As we paddled on calm waters, Danny identified the popular Chico River spots such as Angel’s Nightmare, God’s Playground, Dead Carabao, Piggybank, Danny’s Drop (where Danny slammed into a rock and broke his tooth) and Dragon’s Tail. Each had a unique characteristic and I leave it to you find out and to enjoy.
The ride took almost three hours. We made a stopover near a breathtaking waterfall. We marveled at its beauty while we ate our snacks. We then continued our way until we reached “Malaking Bato” — the drop off point. Though a bountiful lunch was prepared, we could not eat. We were still excited. Once everybody had settled down, we then proceeded to the eating spot beside the river and enjoyed the meal.
What a trip!
history in the making
Whitewater rafting is the newest sports adventure to invade the Philippines. While adventure-seeking travelers craving for more whitewater rafting spots beyond Central America and Africa flocked for decades to the rivers of Brazil and Borneo, the raging rivers of the Philippines remained undiscovered.
It was Ned Sickles, together with other Oregonians, Gary Fondren and Dr. Bob Anderson who discovered the potential of the Chico River to become a world-class whitewater rafting destination. After spotting it in 1997 via satellite mapping, the three Oregonians traveled from the United States to visit the Cordilleras. Naty Sugguiyao’s eldest daughter, Mae Shiu, who was then with the UP Mountaineers and Elmer Cabotaje, now a trustee of the Philippine Airlines Mountaineering Club, joined the Americans on their first exploratory run.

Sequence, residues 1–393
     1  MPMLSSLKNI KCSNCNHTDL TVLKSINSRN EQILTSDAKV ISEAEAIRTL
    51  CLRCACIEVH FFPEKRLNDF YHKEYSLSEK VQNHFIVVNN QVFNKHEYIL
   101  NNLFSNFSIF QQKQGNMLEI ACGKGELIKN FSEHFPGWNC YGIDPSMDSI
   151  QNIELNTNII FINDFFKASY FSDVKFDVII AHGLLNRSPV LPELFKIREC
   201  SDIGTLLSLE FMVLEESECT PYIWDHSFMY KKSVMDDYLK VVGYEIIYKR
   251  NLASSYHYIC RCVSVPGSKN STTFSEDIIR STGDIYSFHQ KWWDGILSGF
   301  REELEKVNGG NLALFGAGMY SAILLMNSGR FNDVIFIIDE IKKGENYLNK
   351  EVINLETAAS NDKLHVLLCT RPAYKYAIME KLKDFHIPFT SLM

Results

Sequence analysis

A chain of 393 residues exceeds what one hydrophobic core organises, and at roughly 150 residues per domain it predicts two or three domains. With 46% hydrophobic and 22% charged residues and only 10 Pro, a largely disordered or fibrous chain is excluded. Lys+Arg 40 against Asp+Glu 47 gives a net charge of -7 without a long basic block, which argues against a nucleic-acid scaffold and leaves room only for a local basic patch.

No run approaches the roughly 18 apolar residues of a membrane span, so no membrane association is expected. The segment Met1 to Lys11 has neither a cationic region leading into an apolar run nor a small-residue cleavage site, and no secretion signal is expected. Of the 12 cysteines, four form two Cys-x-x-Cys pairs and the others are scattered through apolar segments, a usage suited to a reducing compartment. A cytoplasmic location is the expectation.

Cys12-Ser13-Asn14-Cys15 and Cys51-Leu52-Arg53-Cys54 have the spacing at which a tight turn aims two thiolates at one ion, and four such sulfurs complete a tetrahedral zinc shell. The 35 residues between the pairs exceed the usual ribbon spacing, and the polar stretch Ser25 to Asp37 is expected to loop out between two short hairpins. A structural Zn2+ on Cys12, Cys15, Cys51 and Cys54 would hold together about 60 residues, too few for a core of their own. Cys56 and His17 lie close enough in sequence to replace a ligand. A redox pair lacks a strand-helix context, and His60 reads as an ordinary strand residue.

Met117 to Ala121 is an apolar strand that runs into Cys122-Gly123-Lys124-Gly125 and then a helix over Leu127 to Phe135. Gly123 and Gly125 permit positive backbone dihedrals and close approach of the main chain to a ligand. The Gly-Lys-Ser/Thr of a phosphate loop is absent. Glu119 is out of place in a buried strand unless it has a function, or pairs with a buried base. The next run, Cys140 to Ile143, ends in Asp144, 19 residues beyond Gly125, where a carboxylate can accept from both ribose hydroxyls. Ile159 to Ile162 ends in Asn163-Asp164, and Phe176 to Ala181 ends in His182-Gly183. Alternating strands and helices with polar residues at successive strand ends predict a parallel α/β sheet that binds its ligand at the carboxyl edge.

The exploration lasted for four days. The Americans were impressed with the awesome scenery and the diverse levels of the rapids. Since that first trip in 1997, Ned and his friends have been coming back to enjoy the river and to train the Kalingans to become proficient river guides. During each trip, the group brought the latest rafting equipment. Ned is now considered as the father of Chico River whitewater rafting.
The months of July to January are the prime whitewater rafting months. These months have the most rainfall, the highest water levels and as a result, the most exciting rapids.
Chico River Quest Inc (CRQI), managed and operated by Kalingans led by Naty Sugguiyao, is the biggest whitewater rafting tour operator in Kalinga Province. The Kalinga Raft Guides Association provides CRQI with guides who know the river well and were trained by professional whitewater guides from the US.
back to manila
The euphoria of the Chico River rafting lingered for several days. Having survived three hours on the Chico, I now consider myself as the newest river warrior and I made a promise to myself to go back.
Face your fear and see you in the rapids.
Melo Villareal – Mobile # 0918-6167049 / 0918-9402039 / 0922-8890525
Philippine Airlines flies from Manila to Tuguegarao thrice weekly on Mondays, Wednesdays and Saturdays.
From Tuguegarao, it’s an hour by Bus or Jeep to Tabuk.
PAL Reservations: (02) 855-8888
Autobus Lines – Tel# (02)743-6870
Victory Liner – Tel # (02) 920-7396
These Buses offers daily trip to Tabuk. Reservation is a must to get a secured seat.
the chico river rafters creed:
The Chico River is never to be conquered, but to be respected and protected.
Whitewater rafting forum post comments and questions about whitewater rafting in the Philippines.